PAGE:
Washington Proposes Hot Weather Worker Rule

March 25, 2008

Washington’s Department of Labor and Industries (L&I) has proposed a new workplace rule to protect workers from heat-related illness when working outdoors in hot weather.

This proposal is significantly different from the temporary rules L&I used the past two summers and, now would require employers with employees who work outdoors to:

* Update their safety program to include preventive measures to reduce the risk of heat-related illness.

* Train employees to recognize the signs, symptoms and risk factors of heat-related illness and what to do if someone has symptoms.

* Check the weather forecast and temperatures daily to know when it’s hot enough to require preventive measures.

* On days when temperatures require preventive measures, increase the volume of water provided to employees and respond to any employee with symptoms of illness.

Employees working outdoors for 15 minutes or less in an hour would be exempt from the rule.

Working outdoors in hot weather is a health hazard that can put employees at risk for serious medical consequences, L&I said. Heat-related illness, such as heat exhaustion or heat stroke, can cause disability or death. In the past 10 years, four Washington workers are known to have died from heat stroke, and hundreds more sought medical treatment for their illnesses. Many workers become ill in hot weather and don’t recognize the symptoms. The symptoms, which include dizziness, confusion and poor judgment, can contribute to other serious injuries.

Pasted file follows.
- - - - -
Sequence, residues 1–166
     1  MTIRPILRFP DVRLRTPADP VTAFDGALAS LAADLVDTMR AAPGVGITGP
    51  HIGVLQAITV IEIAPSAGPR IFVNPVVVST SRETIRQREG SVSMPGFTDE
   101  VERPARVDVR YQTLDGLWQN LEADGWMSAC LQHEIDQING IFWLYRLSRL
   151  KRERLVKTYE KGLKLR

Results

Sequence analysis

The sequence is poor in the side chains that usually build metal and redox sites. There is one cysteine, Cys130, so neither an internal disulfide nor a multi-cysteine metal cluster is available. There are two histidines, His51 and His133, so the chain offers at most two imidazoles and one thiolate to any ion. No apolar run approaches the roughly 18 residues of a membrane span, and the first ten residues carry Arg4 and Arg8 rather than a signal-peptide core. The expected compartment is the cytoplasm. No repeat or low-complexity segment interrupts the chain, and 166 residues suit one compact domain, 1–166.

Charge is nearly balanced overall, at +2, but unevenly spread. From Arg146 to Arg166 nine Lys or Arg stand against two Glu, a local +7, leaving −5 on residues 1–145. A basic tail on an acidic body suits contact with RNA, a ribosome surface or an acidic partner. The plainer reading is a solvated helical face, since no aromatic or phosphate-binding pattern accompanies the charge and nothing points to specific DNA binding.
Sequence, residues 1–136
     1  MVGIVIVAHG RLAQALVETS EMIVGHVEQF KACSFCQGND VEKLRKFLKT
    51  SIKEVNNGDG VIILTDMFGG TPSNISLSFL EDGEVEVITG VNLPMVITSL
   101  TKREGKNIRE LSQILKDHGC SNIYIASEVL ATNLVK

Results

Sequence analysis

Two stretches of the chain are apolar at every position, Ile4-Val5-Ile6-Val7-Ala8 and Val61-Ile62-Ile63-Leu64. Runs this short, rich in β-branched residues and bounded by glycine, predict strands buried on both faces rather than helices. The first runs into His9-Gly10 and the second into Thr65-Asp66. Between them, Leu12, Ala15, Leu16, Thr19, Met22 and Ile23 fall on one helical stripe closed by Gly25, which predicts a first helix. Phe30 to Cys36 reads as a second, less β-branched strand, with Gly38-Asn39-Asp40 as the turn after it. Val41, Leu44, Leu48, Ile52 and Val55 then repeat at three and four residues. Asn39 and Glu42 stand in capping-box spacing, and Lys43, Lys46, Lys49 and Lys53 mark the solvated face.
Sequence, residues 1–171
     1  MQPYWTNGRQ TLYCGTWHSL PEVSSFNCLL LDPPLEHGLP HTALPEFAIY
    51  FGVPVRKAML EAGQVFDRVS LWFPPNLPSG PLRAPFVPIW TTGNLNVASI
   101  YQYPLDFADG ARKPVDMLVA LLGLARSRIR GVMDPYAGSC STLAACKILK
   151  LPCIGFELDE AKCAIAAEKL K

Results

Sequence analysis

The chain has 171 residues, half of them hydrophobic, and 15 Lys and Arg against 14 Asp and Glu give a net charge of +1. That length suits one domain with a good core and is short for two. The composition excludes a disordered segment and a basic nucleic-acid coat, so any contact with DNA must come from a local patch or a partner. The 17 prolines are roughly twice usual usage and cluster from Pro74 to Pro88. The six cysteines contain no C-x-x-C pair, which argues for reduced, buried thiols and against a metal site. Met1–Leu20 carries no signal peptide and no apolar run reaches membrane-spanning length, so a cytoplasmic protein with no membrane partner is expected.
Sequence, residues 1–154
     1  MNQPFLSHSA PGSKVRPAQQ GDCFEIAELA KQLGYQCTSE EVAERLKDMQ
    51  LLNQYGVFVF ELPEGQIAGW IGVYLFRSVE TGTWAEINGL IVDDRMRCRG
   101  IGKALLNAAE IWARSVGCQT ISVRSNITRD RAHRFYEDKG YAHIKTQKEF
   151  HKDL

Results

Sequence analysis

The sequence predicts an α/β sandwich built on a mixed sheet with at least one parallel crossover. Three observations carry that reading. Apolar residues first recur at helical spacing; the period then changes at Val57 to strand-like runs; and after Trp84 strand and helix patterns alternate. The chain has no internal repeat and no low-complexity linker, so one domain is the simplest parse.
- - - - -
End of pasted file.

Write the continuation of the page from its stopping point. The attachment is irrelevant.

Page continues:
L&I said it worked closely with business and labor representatives to develop this proposed rule, which will be subject to five public hearings.

“Over the course of the past summer, fall and winter, we have been working toward a rule that is simple, easy to comply with, and effective,” said L&I Director Judy Schurke. “It’s my hope that the current proposal will be received as a reasonable and effective way to protect workers.”

“Working outdoors in hot weather can be a serious workplace hazard that puts employees at risk,” added Dr. Steven R. Smith, an occupational medicine physician in Kennewick, Wash. “Heat exhaustion is a serious health problem and heat stroke can result in death.”

The tentative adoption of the rule is June 4 following five public hearings statewide:

* Tumwater, April 28: 1 p.m., at the Comfort Inn, 1620 74th Ave. S.W.;

* Bellingham, April 29: 1 p.m., at the Quality Inn Baron Suites, 100 E. Kellogg Road;

* Yakima, April 30: 9 a.m., Clarion Hotel/Conference Center, 1507 N. First St.;

* Richland, April 30: 2 p.m., Red Lion Hotel-Hanford House, 802 George Washington Way; and

* Spokane, May 1: 1 p.m., Red Lion Hotel at the Park, W. 303 N. River Dr.

Written comments may be mailed to Jamie Scibelli, Division of Occupational Safety and Health, P.O. Box 44620, Olympia, WA 98504-4620 by 5 p.m. May 2, or faxed by that date to 360-902-5619.

Complete information is online at www.Lni.wa.gov/Safety/Topics/AtoZ/HeatStress/ or by calling 360-902-4568.

Source: L&I

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